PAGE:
After visiting the ghost towns of Lake Valley and Chloride on our way to the San Mateo Mountains, Paul and I proceeded north on NM52, then drove FR478 (West Red Canyon Rd) to its end at Toolbox Spring. We set up camp at one of the trailheads for the Apache Kid Trail #43 in nearby Water Canyon (at about 7600 feet). Canyons in this area are wide and pleasant. Next morning we set off up trail #43 with the goal of finding the old pine tree that marks the spot where supposedly the Apache Kid (Massai) was shot and buried by cowboys who were fed up with his horse rustling. According to newspaper accounts at the time (about 1903), a teenager was also killed in the shootout, and that is why there are two crosses blazed on the tree. This tree is located just a short distance up the trail from Cyclone Saddle on the way to Blue Mountain. If you are hiking from the saddle, it's to your left, on the uphill side of the trail. The tree is now dead and it is only a matter of time before it falls onto the trail.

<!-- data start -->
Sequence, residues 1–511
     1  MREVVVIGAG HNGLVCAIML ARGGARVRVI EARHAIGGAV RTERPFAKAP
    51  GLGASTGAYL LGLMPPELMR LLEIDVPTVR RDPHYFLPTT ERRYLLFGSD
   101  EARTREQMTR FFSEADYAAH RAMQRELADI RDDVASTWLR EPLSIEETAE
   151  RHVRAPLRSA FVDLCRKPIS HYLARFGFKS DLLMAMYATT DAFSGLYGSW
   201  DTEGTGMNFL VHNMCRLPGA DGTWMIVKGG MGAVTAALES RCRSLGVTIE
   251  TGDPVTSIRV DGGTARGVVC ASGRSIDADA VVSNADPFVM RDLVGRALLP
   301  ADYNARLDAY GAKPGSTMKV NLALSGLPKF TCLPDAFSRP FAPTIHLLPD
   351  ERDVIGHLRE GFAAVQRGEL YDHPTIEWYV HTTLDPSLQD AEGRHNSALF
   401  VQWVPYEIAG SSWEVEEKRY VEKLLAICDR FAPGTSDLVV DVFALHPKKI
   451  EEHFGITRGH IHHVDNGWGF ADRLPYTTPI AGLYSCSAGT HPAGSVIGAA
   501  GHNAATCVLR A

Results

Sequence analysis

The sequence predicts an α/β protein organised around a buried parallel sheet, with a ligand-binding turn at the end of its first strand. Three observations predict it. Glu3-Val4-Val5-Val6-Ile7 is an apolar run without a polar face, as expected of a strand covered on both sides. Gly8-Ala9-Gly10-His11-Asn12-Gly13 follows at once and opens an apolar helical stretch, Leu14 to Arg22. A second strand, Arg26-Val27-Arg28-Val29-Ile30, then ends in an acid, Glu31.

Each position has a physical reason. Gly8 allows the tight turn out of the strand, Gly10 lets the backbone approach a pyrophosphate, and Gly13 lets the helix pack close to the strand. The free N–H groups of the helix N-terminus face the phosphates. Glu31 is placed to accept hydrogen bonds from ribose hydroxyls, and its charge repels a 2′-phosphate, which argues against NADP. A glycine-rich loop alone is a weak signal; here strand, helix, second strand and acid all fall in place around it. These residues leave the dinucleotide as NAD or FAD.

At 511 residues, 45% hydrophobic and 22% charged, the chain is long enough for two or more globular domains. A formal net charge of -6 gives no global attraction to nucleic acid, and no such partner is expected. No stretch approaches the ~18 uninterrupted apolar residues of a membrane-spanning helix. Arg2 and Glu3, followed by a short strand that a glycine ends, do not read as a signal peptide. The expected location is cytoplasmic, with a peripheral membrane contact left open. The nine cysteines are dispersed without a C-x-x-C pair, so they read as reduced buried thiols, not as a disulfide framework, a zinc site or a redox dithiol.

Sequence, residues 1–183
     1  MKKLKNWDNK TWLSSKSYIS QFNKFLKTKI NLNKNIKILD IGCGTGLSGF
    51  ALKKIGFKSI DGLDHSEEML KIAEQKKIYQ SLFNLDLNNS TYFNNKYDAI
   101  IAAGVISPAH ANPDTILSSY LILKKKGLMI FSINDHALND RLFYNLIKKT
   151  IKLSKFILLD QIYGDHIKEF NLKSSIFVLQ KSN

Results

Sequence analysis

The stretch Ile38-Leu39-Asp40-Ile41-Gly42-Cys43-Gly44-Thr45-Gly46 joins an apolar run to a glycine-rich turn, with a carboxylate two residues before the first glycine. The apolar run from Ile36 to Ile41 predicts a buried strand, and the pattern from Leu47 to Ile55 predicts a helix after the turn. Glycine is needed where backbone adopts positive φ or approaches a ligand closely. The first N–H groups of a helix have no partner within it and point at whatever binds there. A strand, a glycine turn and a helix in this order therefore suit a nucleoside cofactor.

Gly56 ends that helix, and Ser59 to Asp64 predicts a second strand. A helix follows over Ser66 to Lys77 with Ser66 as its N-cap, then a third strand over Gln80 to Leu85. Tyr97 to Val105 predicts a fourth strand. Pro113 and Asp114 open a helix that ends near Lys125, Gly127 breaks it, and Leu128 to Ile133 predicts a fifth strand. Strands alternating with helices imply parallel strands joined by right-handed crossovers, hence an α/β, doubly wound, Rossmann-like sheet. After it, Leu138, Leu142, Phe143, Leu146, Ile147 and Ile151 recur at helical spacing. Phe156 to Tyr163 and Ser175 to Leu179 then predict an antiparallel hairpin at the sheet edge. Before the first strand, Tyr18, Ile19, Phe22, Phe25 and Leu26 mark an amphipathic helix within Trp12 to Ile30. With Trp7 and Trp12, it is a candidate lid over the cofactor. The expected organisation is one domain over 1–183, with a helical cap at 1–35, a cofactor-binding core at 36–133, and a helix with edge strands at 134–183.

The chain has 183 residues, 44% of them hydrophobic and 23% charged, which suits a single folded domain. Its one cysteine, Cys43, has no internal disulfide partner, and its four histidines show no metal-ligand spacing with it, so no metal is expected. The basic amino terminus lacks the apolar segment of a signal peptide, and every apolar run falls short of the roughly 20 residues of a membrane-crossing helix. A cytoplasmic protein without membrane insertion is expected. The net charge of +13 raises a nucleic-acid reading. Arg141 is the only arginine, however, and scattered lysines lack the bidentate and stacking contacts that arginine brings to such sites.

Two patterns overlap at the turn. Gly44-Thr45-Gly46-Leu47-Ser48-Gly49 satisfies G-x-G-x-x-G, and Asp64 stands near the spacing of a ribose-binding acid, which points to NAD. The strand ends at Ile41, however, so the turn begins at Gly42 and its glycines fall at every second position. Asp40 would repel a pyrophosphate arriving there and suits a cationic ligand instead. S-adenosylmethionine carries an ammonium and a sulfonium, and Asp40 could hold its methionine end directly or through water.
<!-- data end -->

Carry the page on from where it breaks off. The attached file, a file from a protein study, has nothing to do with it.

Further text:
It was a pleasant hike and the trail stayed in the canyon most of the way until it finally pulled up to a saddle between Blue and West Blue Mountain. From there it was an easy glide over Blue (10309 ft) and then down about 800 feet to Cyclone Saddle. There are lots of cows in the area and partway up the canyon we hiked with a group in both directions for about 2 miles, before they finally wised up and let us pass. On our way back down we saw a mother with a newborn that was still all wet with its eyes still closed trying to walk. We also encountered one elk in the canyon and saw plenty of bear sign.
This hike basically parallels the northern half of GET segment 28, the difference being the GET uses the Coffee Pot Trail #69 from Blue Mountain to FR478. This is the next canyon west of where we hiked. Probably much the same.
After our second night of camping we headed north to visit Grassy and Withington lookouts, before dropping off the mountain to catch US60 near the VLA. Then it was back to Tucson by way of Datil, Reserve, Glenwood and Mule Creek.
Unfortunately, we were in forest fire smoke much of way over Wednesday from the Chiricahua fire. Then on our return Friday we could see the monster smoke plume from the Wallow Fire. Aside from that, it was a great trip that we had been talking about for 3 years and finally got around to it!